The Challenge of Jesus : Rediscovering Who Jesus Was and Is by N.T. Wright. (Main Library Adult Nonfiction 232 Wr) --- Today a renewed and vigorous scholarly quest for the historical Jesus is underway. In the midst of well publicized and controversial books on Jesus, N. T. Wright's lectures and writings have been widely recognized for providing a fresh, provocative and historically credible portrait. Out of his own commitment to both historical scholarship and Christian ministry, Wright challenges us to roll up our sleeves and take seriously the study of the historical Jesus.
The Jesus Quest : The Third Search for the Jew of Nazareth by Ben Witherington III. (Main Library Adult Nonfiction 232.9 Wi) --- Voted one of Christianity Today's 1996 Books of the Year! In recent years Jesus' time, place and social setting have received renewed scholarly attention. New research on the Dead Sea Scrolls and other Jewish and Hellenistic texts has resulted in a surge of new images of Jesus and new ideas about his ministry. Dubbed the Third Quest for the historical Jesus, this recent effort is a transformation of the first quest, memorialized and chronicled by Albert Schweitzer, and the second quest, carried out in the 1950s and 1960s in the wake of extreme Bultmannian skepticism.
It's that time of year again when lots of publications and websites publish their recommended books of the year. This year I polled library staff to see what some savvy readers had discovered in 2013. MCPL folks had lots of nifty recommendations. So whether you are looking for books to help you through the long dark nights of winter or searching for that perfect gift for a loved one or friend, here are some suggestions from some local book people. We do have paper copies of this list and other 2013 favorite book lists available at the Information Desk at the main lLibrary.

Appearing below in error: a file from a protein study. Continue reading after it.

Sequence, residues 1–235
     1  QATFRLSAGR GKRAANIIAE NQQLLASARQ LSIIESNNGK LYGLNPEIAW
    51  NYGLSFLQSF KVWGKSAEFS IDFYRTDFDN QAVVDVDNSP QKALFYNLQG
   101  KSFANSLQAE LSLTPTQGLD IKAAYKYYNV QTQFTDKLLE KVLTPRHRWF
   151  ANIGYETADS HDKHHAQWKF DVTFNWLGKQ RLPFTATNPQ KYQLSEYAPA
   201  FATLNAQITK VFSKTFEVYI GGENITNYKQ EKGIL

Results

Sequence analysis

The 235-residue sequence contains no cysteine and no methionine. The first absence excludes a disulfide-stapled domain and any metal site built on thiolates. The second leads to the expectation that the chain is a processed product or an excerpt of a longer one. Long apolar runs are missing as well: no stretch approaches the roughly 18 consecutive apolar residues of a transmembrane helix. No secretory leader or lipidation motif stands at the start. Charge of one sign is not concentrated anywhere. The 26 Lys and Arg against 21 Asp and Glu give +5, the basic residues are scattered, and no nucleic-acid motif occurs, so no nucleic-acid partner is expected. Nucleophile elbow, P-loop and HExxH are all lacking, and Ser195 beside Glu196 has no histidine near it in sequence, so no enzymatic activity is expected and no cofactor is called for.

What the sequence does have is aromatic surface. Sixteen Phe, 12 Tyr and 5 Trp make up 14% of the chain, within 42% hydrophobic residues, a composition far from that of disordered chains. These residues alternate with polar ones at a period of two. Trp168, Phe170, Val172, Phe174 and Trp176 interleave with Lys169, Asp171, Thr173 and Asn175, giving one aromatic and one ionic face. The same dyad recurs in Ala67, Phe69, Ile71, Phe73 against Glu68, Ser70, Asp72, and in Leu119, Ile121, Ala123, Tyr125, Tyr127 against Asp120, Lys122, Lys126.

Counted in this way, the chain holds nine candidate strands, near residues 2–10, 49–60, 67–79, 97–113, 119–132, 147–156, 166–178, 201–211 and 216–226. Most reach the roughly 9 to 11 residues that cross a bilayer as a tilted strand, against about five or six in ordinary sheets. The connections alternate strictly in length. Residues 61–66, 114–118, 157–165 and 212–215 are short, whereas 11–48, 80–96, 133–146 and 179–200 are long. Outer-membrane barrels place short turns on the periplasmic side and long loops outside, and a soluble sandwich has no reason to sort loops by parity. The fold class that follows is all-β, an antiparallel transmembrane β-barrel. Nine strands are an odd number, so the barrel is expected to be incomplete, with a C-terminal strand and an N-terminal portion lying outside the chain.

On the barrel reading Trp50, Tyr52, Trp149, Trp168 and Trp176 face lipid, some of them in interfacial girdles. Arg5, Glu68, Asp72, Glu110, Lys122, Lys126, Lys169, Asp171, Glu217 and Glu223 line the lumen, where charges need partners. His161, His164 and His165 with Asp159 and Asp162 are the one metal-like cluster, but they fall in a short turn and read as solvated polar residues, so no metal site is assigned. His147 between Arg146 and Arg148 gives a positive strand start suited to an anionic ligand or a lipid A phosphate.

And Everyday Was Overcast by Paul Kwiatkowski FICTION Kwiatkow
Described on the cover as an illustrated novel, this work is more a scrapbook interspersed with stories detailing the author's coming of age in southern Florida. The photos don't match the stories exactly and are stronger as a result. They cover drug use, adolescent violence, and teenage sexuality.
The Bookman’s Tale: a novel of obsessionby Charles C. Lovett FICTION Lovett
Anyone who loves the hunting, buying and selling of rare and old books should read this. Filled with emotion, intrigue, mystery, suspense, and tragedy, it also covers love lost and gained as well as the quest for Shakespeare and his writings. Very well written and hard to put down! Read more about Recommended Reads from Library Staff
In the bustle and tensions of the holiday season, it was great to take a couple of nights off and travel to Botswana in Alexander McCall Smith’s latest book in the No. 1 Ladies’ Detective Agency Series. As usual the mysteries--there are two of them here--are interwoven with descriptions and a philosophy of living a moral life in Africa. Grace Makutsi, who scored an amazing 97% on her secretarial school final exam, is married now and expecting a baby yet she has not yet talked to Precious Ramotswe about taking any leave. Before she does, her little son arrives along with a pesky aunt, the matriarch of the family who swoops in to take charge of Grace’s household.